If you look at the bottom half of this image, it works quite well, but then the top half becomes messy. It's a shame I couldn't bring the sky values down, because that would of balanced out the image. Perhaps if I were to try and get this image again, I'd wait until the sun dropped even further, to accentuate the shadows on the ground and also to try and darken the sky. I'm not sure a stronger colour filter would have worked in this instance as the sky was a very pale blue anyway. I'd say this image is a good example of getting it half right. Not to sound too disparaging as the best thing about working this way is that you really do learn from every image. When working one image at a time, there's nothing lost, only knowledge and experience gained, from taking a weaker photograph.

Large Format Photography: Church Comparison.

I've been experimenting with a new method (new for me that is) of getting correct, but also more artistic exposures when using 4x5 black and white negative film, and early evidence suggests it might be working. Even though the composition is a little off, this is probably one of my best ever images in terms of achieving clear rendition across the whole tonal range. as well as giving the image a little punch without sacrificing detail in shadow and highlight areas. It could do with a little dodging and burning, but for the sake of being able to show an unaltered image I left it as is. Even without any adjustments, you get a nice sense of light and that wouldn't be possible if I simply went with an an exposure based on average readings. The physical scene itself is fairly low contrast and in order to get this image, I had to use a colour filter over the lens and alter development in order to achieve a greater sense of drama and atmosphere.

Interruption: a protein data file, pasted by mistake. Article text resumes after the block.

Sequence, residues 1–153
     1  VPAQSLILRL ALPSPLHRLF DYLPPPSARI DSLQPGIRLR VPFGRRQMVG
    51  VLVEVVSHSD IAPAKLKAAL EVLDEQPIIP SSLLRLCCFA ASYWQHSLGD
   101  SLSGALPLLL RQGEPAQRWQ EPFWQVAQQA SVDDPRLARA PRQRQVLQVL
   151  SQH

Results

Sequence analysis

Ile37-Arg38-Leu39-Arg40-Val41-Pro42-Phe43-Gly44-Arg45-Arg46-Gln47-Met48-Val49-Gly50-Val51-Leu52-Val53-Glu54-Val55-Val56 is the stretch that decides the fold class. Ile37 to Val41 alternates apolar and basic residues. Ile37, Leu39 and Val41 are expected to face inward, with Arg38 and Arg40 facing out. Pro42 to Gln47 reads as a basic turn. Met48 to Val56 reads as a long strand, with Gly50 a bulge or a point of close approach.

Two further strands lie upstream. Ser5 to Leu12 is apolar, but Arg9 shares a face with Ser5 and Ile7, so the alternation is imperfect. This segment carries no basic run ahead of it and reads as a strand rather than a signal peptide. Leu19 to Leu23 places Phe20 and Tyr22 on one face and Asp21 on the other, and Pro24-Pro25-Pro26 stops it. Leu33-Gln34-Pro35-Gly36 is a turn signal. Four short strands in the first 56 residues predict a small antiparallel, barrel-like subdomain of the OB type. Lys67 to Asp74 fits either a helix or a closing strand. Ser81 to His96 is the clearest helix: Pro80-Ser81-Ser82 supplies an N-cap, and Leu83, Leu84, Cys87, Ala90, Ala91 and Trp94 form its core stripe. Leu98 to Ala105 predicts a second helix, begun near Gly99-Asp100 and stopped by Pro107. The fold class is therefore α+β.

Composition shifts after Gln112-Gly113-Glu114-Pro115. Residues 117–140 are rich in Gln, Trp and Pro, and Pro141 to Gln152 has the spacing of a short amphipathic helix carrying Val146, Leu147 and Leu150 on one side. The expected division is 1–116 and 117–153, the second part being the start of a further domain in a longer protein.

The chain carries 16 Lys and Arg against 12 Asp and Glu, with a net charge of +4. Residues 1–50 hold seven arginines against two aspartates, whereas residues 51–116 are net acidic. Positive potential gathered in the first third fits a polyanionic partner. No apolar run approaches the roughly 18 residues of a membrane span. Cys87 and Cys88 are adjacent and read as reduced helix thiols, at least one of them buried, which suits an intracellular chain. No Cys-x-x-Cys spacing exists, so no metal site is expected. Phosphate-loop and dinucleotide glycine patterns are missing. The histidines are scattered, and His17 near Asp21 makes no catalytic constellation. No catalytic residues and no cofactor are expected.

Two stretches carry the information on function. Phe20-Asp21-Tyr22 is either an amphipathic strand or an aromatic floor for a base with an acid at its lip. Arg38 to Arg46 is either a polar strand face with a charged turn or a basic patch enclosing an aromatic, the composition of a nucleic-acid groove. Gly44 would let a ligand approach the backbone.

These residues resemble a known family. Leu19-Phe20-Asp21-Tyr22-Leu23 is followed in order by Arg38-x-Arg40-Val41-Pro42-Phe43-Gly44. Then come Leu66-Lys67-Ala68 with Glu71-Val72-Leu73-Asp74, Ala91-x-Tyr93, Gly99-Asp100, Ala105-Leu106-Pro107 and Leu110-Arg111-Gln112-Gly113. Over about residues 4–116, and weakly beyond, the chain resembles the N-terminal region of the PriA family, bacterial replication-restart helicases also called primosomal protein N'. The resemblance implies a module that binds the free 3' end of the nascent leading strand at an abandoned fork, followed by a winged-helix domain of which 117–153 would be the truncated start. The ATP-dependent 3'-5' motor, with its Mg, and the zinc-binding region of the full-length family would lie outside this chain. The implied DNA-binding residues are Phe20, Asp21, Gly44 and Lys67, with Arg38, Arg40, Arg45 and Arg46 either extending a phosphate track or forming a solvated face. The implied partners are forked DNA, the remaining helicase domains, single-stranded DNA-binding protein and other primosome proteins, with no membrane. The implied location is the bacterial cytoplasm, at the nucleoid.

As a comparison, here's another shot of the same scene in very similar lighting. Looking at it, you'd think I shot this on an overcast day. Being a bit unadventurous, I averaged out the light meter readings, didn't use a colour filter and didn't adjust development. I got reasonable tone, but the final result is very drab and lifeless. I could probably bring it back to life somewhat, but that would take a lot of work! On the other hand, achieving the top image is just a case of inverting the negative and correcting the levels. In analog terms, the top would print very easily, where as the bottom image would take some serious effort to extract something interesting. The main difference is that all the information of the top image is already in the negative, the bottom doesn't have this extra information.



Monday, 16 March 2015

Noye's Fludde on Behance

The complete set of photographs for the Noye's Fludde performances in Amiens and Comberton. More info in the links.






Noye's Fludde at Comberton Village College, March 5th 2015

March 5th at Comberton Village College, located just outside of Cambridge, represented the final set of performances for the ACT collaboration of Benjamin Britten's charming one-act opera, Noye's Fludde. Based off Middle Age texts known as the Chester Mystery Plays, and first performed in 1958, Noye's Fludde is a dramatic retelling of the story of Noah, intended by Britten to be performed by professional and amateur performers as well as school children who make up the ark of animals. As you may well know, Computer Animation Arts and kite-maker, Karl Longbottom produced numerous props for the performance, while costumes were designed and made by the staff and students of Creative Arts For Theatre & Film. Once again the cast and crew were joined by the Orchestre de Picardie and conductor, Arie van Beek.

After the grandeur of the Cirque Jules Verne, the Comberton Village College sports hall provided a much more intimate venue, but no less ideal a space, for a performance Britten's classic opera which feels as lo-fi and is it does grand. With that in mind, the photos I've taken hopefully capture some of that intimacy and sense of collaboration, as Noye's Fludde is not only a theatrical production, but rather a way of bringing together communities to create something a little bit magical.





Animal headdresses designed by Lucy Griffiths.





Light props designed by Tine Bech.



Noye's Fludde director, Amy Lane





Geoffrey Moses as Noye.


Arie van Beek conducts the Orchestre de Picardie.



Star, Moon and Rainbow props designed by Computer Animation Arts and fabricated by Karl Longbottom.






Orchestre de Picardie musical director and chief conductor, Arie van Beek.

Noye's Fludde at the Cirque Jules Verne, Amiens - 15/01/2015

Photography by Tom Beg